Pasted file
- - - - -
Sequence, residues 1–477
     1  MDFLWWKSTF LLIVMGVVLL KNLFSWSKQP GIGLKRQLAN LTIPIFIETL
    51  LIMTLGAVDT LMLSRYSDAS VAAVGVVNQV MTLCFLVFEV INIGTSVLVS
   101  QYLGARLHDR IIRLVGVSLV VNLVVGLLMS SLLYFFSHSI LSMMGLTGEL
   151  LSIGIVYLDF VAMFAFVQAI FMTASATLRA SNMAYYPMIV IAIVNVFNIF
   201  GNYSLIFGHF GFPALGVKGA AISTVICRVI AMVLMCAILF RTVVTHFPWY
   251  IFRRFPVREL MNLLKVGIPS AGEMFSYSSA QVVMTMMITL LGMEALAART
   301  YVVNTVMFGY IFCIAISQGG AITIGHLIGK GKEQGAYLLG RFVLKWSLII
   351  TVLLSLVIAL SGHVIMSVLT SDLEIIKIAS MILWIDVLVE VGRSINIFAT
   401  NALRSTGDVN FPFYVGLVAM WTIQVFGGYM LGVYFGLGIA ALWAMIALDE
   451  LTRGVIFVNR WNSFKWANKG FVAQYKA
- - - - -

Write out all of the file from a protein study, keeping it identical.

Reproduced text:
Sequence, residues 1–477
     1  MDFLWWKSTF LLIVMGVVLL KNLFSWSKQP GIGLKRQLAN LTIPIFIETL
    51  LIMTLGAVDT LMLSRYSDAS VAAVGVVNQV MTLCFLVFEV INIGTSVLVS
   101  QYLGARLHDR IIRLVGVSLV VNLVVGLLMS SLLYFFSHSI LSMMGLTGEL
   151  LSIGIVYLDF VAMFAFVQAI FMTASATLRA SNMAYYPMIV IAIVNVFNIF
   201  GNYSLIFGHF GFPALGVKGA AISTVICRVI AMVLMCAILF RTVVTHFPWY
   251  IFRRFPVREL MNLLKVGIPS AGEMFSYSSA QVVMTMMITL LGMEALAART
   301  YVVNTVMFGY IFCIAISQGG AITIGHLIGK GKEQGAYLLG RFVLKWSLII
   351  TVLLSLVIAL SGHVIMSVLT SDLEIIKIAS MILWIDVLVE VGRSINIFAT
   401  NALRSTGDVN FPFYVGLVAM WTIQVFGGYM LGVYFGLGIA ALWAMIALDE
   451  LTRGVIFVNR WNSFKWANKG FVAQYKA